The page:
Has anyone else experienced this problem? Anyone have any odd problems with removing the lower ridge in a stock unit? I have to wonder why DC designed the TB the way they did... the lower edge of the stock TB definitey creates more of a venturi effect....it's gotta be there for some reason. And after seeing that a fully bored TB (62mm) results in minimal 5HP/6.5ftlb gains, I think I may just stick with the stocker.

Mike
I've mentioned in past threads that the narrowed throat is there to increase the strength of the vacuum signal. The narrower passage speeds up the air flow. Bernouli's Principle states that the faster the flow, the lower the pressure exerted across the direction of travel. This lower pressure provides a stronger vacuum signal for the MAP sensor. The PCM uses the signal from the MAP sensor to determine the load on the engine. The pressure at the venturi is compared to barametric pressure. Engine load is inversely proportional to the difference of these two signals. In other words, if the pressure at the venturi is close to the barametric pressure, load is high. If the pressure at the venturi is significantly weaker than barametric (high vacuum) the engine is lightly loaded.

Voltage representing the absolute pressure is sent to the PCM for this comparison and is used to determine injector pulse width, timing, automatic transmission shift mapping and other tweaks on engine operational parameters.

Running a throttle body without the narrowed venturi provides a weaker signal to the PCM which, in turn, adversely affects engine and transmission operation. Over time, the PCM will try to compensate for what appears to be a lighter load on the engine with changes to fuel trim maps. This is based on feedback from the O2 sensor. The transmission doesn't have this feedback loop so the TCM continues to operate on the assumption that there is less load on the powertrain that there actually is.

Some of the perceived benefits of a bored throttle body will diminish over time as the PCM adjusts to the new vacuum signal. I would be wary of any claims of HP increases and fuel mileage improvements without the proof of independently run dyno tests run specifically on a Jeep 4.0 engine.

The typical butt dyno seem to have a high margin of error.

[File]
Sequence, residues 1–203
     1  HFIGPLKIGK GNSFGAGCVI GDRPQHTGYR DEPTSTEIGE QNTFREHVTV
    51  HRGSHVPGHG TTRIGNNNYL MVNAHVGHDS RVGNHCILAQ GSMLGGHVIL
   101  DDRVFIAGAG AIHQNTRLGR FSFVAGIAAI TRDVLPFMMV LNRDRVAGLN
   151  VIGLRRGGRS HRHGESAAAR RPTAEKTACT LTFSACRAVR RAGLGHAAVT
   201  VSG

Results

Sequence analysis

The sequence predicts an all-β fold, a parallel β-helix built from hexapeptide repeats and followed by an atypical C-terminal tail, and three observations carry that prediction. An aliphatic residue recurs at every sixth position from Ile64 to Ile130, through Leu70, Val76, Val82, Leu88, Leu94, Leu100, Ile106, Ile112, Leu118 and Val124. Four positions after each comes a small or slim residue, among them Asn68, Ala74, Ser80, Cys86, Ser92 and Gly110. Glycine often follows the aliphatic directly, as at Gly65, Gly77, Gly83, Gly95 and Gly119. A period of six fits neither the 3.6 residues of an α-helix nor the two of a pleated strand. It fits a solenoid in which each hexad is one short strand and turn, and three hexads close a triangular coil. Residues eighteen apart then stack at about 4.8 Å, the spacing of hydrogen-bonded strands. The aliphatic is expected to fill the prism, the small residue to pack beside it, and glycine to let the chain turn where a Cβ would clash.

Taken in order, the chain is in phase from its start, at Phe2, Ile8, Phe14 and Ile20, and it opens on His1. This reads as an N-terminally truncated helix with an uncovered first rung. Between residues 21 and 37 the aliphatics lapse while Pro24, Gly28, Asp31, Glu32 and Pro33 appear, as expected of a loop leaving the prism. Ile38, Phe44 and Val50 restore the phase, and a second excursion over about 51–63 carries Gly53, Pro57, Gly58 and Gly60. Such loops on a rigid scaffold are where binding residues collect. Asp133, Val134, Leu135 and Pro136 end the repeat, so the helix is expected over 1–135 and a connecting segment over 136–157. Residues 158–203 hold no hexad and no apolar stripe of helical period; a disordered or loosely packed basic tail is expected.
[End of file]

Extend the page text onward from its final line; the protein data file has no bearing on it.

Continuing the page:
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  #5  
Old August 5th, 2006, 00:00
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Re: Throttle body; bored or not too bored

These are my opinions:

I think the lip on the stock throttle body is to smooth out the initial pressing of the throttle. Even though the NVH advancements didn't officially start till around 96, I think Chrysler got a head start on the "harshness" back in 91 when the H.O. came out. I think the original plan for the H.O. was for a 62mm throttle body.(The intake manifold inlet was 62mm for all engines 91 +) But I think after some preliminary testing the engineers found it was too fast off idle. In other words, "too harsh" for "normal" drivers, so they put that lip on it.

Fortunately, the lip is easily removed with common tools.

I could understand that the average sap wouldn't like getting sucked into their seat with every tap of the throttle but I sure as heck do.

My engine just surges off the line from idle to 2000 rpms. It feels great.

As for the the MAP sensor issue, I think the computer can learn from the changes. It did indeed run rough when I hooked up my bored tb. But it smoothed out after about 20 minutes. The biggest thing is to make sure the throttle body is bolted tight to the intake manifold but not enough to strip the threads. (I know this first hand, what a PITA to have to get my tap and die set out when I didn't have to).
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  #6  
Old August 5th, 2006, 08:28
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Re: Throttle body; bored or not too bored

Did you reset the AT kickdown cable? Try these instructions.

I have a 60MM TB and AW4 auto and it pulls harder from off the line, revs higher before it shifts, and will downshift sooner than before at 50+ mph


The automatic transmission kickdown cable will need minor adjustment for proper operation after installing your bored throttle body.

Early model JEEPS have a clip on the transmission cable sleeve were it snaps onto the bracket.
Pull the clip up with a small Flathead screwdriver, feed the slack in the cable into the sleeve and
push the clip back down to lock the adjustment in place.